It is noted that from Table 1 that the particle size and lattice strain of ball milled ceria varies from 191 nm (0 h) to 32 nm (20 h). However, the lattice strain increases from 0.49 × 10−3 (0 h) to 1.14 × 10−3 (15 h) ball milled ceria and then it decreases to 1.06 × 10−3 with further milling at 20 hs due to cold welding of the powder particles. It has been reported already that the individual particles get rotated in a way to minimize the lattice strain [15], while for the ceria produced by the SCS method, the calculated particle size is 20 - 30 nm and lattice strain is (0.191 - 0.392) × 10−3.

4.2. Particle Size Distribution Analysis

From Figure 2(a) it is observed that the size distribution of the ball milled ceria powder particles follows uni modal distribution with particle size varying from 28 to 570 nm. The mean value of the particle size distribution lies round 90 nm.

While the ceria produced by SCS method possess bimodal particle size distribution (Figure 2(b)). The first group of particles varies from 60 to 85 nm with a mean value of 58 nm, and while the second group comprises of

Table 1. Crystallite size and lattice strain.

Figure 1. (a) X-ray diffraction patterns of (0, 5, 10, 15, and 20) hours ball milled ceria, (b) effect of milling time on particle size and lattice strain of ball milled ceria, and (c) X-ray diffraction pattern for solution combustion synthesized ceria.

particles in range 500 - 800 nm with a mean value of 452 nm. This indicates a greater tendency of ceria produced by SCS towards agglomeration. The degree of agglomeration in combustion synthesized ceria is well maintained at higher temperatures and is much higher as compared to that of ball milled ceria [16].

4.3. Electron Microscopy

4.3.1. SEM

It is observed from Figures 3(a)-(b) that the particle size of ceria is significantly reduced after ball milling and particle size is more or less uniform. The particles are faceted, free from porosity and irregular shaped in structure due to the continuous welding and fracturing and cold welding in due course of ball milling.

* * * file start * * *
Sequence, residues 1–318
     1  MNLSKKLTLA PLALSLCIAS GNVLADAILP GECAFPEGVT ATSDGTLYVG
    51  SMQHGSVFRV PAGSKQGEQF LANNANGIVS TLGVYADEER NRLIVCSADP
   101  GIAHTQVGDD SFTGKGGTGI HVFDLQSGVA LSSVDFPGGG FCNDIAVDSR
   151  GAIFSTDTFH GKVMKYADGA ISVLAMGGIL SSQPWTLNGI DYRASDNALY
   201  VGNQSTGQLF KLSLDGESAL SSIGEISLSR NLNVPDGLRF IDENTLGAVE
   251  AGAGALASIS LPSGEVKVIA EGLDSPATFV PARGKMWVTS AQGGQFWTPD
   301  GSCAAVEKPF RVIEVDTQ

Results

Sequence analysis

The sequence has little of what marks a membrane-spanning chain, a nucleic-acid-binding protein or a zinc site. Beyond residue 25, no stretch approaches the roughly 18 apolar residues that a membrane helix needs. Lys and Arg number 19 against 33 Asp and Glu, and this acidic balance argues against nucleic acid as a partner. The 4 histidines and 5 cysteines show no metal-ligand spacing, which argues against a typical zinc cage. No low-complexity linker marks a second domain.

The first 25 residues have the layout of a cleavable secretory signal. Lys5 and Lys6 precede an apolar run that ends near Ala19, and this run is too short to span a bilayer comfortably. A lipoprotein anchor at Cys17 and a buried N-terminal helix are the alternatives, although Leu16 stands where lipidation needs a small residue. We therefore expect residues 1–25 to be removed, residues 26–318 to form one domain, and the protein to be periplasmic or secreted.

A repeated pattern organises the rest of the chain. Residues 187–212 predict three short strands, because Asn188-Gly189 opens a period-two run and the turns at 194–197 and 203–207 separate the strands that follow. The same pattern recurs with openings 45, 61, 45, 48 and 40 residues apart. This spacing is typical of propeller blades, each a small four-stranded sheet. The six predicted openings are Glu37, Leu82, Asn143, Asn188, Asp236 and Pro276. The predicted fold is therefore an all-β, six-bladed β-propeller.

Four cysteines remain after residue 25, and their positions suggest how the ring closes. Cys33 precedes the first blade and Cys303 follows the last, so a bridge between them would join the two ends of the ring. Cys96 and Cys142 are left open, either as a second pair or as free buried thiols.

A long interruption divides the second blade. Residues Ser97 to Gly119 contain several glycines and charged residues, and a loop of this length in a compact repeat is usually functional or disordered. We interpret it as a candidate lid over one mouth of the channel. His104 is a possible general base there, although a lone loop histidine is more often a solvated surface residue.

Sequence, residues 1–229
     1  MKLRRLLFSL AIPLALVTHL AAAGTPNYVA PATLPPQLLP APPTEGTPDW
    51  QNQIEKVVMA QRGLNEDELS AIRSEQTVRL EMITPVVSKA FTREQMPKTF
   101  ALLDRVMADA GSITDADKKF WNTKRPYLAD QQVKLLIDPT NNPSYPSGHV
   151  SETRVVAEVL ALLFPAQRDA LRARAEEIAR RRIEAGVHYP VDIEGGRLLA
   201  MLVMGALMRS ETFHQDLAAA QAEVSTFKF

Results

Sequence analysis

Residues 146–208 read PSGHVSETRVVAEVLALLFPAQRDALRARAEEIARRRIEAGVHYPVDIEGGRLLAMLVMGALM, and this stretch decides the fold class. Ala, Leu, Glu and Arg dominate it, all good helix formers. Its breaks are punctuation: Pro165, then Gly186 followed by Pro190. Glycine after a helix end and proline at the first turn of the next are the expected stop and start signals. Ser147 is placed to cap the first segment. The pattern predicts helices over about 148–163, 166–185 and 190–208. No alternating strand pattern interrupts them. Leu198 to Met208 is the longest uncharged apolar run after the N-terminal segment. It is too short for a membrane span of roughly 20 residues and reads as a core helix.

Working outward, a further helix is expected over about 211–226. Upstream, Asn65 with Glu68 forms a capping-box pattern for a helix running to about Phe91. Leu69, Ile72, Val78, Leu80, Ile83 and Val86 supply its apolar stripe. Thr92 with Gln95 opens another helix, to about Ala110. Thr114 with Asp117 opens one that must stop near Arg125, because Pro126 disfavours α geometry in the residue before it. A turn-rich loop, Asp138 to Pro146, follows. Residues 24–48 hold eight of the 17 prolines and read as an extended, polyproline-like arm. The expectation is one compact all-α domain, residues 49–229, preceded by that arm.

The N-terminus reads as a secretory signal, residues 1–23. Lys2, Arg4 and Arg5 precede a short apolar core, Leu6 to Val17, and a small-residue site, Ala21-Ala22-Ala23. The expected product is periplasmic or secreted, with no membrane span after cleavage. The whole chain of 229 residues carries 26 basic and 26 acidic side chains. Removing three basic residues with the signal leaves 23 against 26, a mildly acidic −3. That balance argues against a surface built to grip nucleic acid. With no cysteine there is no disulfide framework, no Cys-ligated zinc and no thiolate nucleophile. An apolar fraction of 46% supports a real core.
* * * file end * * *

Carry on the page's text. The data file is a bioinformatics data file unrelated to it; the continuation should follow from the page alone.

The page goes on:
However, in case of ceria produced by SCS method, particles are present in the form of different sized lumps or flakes with rounded shaped structures, Figure 3(c). This type of structures are generated due to the explosive nature of this reaction where gases evolve out giving rise to porosity, and thus the ceria produced by SCS shows a higher tendency towards agglomeration. The porous structure of the combustion synthesised powder was related with the structural rearrangement due to crystallization of the particles after calcinations [17].

4.3.2. TEM

From Figure 4, it is observed that ball milled ceria possess a range of particle size from 10 nm to 50 nm which are irregular shaped as show in Figure 4(a). However, in case of combustion synthesized ceria the particle size is narrower, few particles are even approx. 10 nm (Figure 4(b)).

The ball milled ceria particles exhibits mixed formation

Figure 2. Particle size distribution of ceria (a) 20 h ball milled and (b) solution combustion synthesized ceria.

of ring and spot diffraction pattern as shown in Figure 4(c). In case of the ceria produced by SCS, the diffraction pattern consists of intense concentric rings, Figure 4(d).

Figure 3. SEM micrograph of ceria powder prepared by ball milling (a) 0 h, (b) 20 h and (c) solution combustion synthesized ceria.

Figure 4. TEM micrographs of (a) 20 hs ball milled ceria powder and (b) combustion synthesized ceria powder; SAD patterns (c) 20 h ball ceria milled powder and (d) combustion synthesized ceria powder.

These sharp rings are due to numerous single crystal diffraction from the randomly oriented crystals signifying a finer crystallite sizes as compared to ball milled ceria powder particles.

5. Conclusions

1) The nanocrystalline ceria powder is successfully produced by both high energy ball milling and solution combustion synthesis methods.

2) The particle size distribution of ball milled ceria (28 - 570 nm) possesses a mean value of 90 nm as compared to that of combustion synthesized powder with a bimodal distribution (60 - 85 nm, and 500 - 800 nm) with mean values of 58 nm and 450 nm respectively.

3) There is significant porosity in solution combustion synthesized ceria as compared to that of ball milled ceria. The stability of porous structure of ceria produced by SCS at higher temperatures is the key to fabrication of new ordered and application in ceramic engineering. Thus, ceria produced by SCS route can be a better candidate for sensing applications.